Currently, any excess amounts are paid to Canada’s receiver general and then returned to provincial and territorial public payers based on an existing formula. The CLHIA said Canadian employers should share in reimbursements, as they “can incur significant excessive costs” as well.

Read: Feds announce final changes to Canadian drug pricing regulations

“Accordingly, we recommend modifications to legislation to facilitate the PMPRB developing a mechanism to ensure that all stakeholders who were impacted by excessive revenues, including plan sponsors . . . who provide drug benefits plans for their employees, are reimbursed equitably,” noted the letter.

Two health consultancies are also providing feedback to the PMPRB’s draft guidelines, noting the board’s proposals were lacking “any consideration of the substantial role played by the private drug market plan” and urged it to consider the needs of Canadians who weren’t covered by provincial or federal drug plans.

In the submission, Chris Bonnett, principal consultant at H3 Consulting Group, and Denise Balch, principal consultant and president of Connex Health Consulting, said they support both the PMPRB’s move to require drug manufacturers to submit actual net market prices rather than list prices and the changes to the board’s reference countries, which eliminated Switzerland and the U.S., the only two countries with higher drug prices than Canada.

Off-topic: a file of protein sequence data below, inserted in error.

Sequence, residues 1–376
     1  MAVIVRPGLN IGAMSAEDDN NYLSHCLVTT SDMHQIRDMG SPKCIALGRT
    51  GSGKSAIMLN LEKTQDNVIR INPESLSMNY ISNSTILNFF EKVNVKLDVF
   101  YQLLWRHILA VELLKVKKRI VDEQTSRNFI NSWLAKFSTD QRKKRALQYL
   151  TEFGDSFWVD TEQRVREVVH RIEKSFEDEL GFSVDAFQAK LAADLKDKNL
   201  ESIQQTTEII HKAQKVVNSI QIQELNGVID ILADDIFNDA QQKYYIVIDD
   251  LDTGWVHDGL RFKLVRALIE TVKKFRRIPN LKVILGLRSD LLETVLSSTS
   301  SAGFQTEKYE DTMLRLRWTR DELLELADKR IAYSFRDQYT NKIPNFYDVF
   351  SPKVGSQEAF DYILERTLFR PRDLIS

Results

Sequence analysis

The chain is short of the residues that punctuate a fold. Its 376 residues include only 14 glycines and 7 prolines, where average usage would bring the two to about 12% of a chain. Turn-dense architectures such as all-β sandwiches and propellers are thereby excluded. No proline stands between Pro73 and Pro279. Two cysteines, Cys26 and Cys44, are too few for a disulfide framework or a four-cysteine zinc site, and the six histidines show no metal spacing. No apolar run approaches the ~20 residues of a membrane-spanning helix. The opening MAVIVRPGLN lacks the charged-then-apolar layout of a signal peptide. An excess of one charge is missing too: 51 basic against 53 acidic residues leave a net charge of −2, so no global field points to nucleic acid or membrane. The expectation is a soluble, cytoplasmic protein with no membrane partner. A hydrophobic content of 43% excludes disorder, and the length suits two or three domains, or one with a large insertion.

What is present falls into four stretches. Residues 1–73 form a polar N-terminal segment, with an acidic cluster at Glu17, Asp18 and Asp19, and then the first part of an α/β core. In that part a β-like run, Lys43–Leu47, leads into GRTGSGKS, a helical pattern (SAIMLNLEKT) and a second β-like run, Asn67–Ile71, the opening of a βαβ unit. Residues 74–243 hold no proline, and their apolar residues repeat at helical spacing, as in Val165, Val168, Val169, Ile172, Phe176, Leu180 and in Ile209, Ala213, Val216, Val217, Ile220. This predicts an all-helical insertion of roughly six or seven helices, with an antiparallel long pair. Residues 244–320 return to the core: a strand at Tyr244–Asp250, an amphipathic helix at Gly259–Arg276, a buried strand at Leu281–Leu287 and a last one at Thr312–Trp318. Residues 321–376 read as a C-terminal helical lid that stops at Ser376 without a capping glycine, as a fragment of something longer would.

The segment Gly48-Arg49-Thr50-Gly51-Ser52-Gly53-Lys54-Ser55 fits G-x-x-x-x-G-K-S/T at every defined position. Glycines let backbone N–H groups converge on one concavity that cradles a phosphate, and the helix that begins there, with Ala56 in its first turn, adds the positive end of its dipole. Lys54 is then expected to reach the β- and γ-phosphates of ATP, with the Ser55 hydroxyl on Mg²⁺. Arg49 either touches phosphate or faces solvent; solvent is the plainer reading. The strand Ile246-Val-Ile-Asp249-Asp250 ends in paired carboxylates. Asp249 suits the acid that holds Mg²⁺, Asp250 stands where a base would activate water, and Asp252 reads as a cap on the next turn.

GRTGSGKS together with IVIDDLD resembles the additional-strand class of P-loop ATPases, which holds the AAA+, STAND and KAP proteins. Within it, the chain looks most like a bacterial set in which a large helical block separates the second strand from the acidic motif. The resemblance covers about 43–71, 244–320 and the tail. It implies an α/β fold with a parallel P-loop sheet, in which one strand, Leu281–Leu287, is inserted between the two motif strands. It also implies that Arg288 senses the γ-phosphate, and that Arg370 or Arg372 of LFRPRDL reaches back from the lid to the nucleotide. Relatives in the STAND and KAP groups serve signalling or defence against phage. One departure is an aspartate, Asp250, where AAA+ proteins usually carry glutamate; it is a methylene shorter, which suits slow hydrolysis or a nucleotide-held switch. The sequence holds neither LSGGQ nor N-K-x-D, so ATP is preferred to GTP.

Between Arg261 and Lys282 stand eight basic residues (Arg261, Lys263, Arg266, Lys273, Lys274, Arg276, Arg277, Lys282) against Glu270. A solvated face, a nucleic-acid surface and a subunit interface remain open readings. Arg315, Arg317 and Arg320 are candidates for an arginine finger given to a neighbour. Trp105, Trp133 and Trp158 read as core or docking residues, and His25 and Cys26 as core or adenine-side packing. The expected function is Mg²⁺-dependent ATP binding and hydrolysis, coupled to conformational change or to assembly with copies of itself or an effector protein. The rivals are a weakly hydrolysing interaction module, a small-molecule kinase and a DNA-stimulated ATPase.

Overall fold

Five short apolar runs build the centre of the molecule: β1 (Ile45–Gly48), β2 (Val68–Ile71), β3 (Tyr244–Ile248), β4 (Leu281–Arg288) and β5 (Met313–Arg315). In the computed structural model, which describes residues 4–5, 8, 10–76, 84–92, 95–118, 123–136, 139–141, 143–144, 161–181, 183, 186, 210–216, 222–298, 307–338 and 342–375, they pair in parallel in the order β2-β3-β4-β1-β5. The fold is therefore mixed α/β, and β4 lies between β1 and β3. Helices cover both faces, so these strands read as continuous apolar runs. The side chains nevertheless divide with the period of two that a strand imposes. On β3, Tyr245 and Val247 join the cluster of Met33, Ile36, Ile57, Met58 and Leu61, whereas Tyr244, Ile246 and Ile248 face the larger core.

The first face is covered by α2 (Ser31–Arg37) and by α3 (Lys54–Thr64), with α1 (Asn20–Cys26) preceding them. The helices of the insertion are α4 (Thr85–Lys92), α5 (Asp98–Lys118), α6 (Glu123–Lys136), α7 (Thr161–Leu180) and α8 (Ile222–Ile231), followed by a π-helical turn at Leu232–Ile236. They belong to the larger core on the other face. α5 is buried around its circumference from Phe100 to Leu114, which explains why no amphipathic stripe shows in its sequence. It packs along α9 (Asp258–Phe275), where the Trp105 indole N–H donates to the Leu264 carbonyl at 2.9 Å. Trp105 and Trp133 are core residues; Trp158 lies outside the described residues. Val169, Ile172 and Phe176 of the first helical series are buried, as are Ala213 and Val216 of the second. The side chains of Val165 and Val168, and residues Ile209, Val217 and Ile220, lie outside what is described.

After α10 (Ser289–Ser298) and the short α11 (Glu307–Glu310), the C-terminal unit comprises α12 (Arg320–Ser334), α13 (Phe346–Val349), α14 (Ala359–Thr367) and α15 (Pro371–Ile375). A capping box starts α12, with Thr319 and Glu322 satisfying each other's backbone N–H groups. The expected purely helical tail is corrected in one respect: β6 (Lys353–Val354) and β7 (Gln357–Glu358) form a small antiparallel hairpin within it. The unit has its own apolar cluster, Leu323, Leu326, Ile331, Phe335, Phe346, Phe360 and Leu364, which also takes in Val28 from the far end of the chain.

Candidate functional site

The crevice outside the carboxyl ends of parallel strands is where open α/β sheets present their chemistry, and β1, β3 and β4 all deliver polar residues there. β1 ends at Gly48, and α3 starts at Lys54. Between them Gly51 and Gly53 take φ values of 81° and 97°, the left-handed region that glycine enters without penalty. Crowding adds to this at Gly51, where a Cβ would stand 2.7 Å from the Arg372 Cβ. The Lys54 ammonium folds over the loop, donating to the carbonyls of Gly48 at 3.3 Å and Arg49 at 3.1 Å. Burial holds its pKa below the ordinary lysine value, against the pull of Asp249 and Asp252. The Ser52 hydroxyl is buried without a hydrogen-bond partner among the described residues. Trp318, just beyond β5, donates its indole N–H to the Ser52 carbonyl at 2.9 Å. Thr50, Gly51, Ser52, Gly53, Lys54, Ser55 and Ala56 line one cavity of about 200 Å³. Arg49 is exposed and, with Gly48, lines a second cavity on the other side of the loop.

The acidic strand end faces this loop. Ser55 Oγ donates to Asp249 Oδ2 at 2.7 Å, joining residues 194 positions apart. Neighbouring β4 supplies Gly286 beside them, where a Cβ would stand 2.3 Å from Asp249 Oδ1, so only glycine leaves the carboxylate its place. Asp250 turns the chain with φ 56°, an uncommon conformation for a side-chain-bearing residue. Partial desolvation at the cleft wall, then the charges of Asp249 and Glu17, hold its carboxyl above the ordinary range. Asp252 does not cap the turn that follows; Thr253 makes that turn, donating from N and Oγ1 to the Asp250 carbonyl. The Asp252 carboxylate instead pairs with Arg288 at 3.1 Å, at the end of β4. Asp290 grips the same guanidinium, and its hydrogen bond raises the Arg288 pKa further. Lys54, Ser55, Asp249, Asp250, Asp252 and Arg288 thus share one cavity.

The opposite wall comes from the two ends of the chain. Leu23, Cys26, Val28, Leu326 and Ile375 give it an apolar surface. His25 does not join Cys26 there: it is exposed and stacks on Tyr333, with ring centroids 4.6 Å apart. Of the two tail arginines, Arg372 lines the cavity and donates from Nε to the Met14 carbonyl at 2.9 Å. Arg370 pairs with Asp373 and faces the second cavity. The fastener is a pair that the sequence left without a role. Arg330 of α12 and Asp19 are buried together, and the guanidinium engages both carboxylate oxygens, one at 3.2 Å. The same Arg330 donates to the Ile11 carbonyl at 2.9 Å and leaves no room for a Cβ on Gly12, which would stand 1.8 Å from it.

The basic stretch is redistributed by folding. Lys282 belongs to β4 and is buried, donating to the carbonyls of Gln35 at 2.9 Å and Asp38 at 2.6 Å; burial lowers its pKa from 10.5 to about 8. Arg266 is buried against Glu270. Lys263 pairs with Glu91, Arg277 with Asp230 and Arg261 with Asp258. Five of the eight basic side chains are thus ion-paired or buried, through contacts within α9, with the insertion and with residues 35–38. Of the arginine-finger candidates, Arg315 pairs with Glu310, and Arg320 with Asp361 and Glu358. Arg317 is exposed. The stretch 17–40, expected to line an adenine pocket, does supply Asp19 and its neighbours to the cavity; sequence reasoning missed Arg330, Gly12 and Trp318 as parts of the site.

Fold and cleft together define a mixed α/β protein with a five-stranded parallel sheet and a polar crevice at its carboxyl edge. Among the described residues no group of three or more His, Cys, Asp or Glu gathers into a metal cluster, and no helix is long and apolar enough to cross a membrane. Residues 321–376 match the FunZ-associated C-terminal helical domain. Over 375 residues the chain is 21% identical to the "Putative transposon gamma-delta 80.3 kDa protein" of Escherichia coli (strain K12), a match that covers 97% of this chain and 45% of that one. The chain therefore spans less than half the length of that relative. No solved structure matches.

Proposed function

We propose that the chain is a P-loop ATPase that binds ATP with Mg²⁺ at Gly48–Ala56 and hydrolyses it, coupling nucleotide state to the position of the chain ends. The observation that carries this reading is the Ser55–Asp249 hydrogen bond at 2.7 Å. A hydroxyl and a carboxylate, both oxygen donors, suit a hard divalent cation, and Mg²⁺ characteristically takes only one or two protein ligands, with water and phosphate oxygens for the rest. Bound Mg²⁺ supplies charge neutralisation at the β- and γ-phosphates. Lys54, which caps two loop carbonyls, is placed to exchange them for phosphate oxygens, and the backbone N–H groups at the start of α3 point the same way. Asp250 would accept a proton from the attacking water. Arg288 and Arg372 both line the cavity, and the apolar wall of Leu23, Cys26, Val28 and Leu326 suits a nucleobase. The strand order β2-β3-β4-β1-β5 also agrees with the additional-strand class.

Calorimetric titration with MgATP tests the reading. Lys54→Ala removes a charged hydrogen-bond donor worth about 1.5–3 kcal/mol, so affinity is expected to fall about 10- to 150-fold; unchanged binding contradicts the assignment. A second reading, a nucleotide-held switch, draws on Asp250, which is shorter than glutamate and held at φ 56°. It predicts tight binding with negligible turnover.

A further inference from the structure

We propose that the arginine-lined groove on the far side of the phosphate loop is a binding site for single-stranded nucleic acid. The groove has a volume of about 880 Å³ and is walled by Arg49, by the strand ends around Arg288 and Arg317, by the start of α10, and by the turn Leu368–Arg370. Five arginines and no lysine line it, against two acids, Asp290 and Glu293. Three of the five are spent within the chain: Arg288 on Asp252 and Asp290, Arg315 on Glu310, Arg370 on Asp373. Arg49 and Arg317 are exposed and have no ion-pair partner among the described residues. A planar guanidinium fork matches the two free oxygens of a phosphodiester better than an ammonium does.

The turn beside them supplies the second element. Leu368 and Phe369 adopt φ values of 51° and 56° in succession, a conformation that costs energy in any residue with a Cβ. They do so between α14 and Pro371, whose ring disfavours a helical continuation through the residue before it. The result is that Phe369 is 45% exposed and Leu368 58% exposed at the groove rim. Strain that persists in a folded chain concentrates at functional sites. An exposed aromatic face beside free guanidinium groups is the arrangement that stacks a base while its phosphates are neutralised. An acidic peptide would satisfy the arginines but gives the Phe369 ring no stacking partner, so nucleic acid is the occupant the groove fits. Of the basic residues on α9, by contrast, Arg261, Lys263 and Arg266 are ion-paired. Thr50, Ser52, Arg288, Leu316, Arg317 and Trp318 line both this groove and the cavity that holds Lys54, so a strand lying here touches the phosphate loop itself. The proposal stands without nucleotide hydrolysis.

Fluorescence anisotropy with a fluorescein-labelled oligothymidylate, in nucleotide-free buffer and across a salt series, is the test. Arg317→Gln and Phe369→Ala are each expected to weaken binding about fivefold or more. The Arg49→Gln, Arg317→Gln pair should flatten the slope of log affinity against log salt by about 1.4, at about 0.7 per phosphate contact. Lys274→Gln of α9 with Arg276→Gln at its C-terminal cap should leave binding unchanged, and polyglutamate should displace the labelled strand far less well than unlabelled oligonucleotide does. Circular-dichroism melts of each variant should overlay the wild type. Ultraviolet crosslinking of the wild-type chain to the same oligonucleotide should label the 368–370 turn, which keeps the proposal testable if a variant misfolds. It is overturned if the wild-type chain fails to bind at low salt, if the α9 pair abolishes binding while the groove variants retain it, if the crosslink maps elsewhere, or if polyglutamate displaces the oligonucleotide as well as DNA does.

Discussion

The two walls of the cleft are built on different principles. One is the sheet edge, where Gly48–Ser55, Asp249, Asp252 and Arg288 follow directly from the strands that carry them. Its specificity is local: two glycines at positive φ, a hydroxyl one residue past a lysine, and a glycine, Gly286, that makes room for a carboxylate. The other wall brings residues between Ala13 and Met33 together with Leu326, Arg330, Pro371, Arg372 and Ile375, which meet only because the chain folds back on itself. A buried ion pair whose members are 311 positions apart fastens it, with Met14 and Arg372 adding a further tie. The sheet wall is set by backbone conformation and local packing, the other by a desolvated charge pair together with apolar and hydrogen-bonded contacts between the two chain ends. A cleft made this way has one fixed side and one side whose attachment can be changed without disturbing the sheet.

Read: What will PMPRB drug pricing changes mean for plan sponsors?

However, they suggested that the PMPRB stagger the repricing of its list of grandfathered patented medications to the mean international price of the reference countries over a period of two to three years. Currently, the PMPRB has proposed to undertake the process in the last half of 2020. Staggering the repricing would offer immediate savings to plan sponsors, but would reduce insurance broker compensation and insurer administration revenue and profit, as well as harm the drug plan premium and sales taxes collected by provinces, noted the submission.

The consultants also urged the PMPRB to measure the impact of its cost-control measures; evaluate the actual effects against the board’s projections and publicly report the data at least annually for a period of five years; and to commission regular studies to inform policy.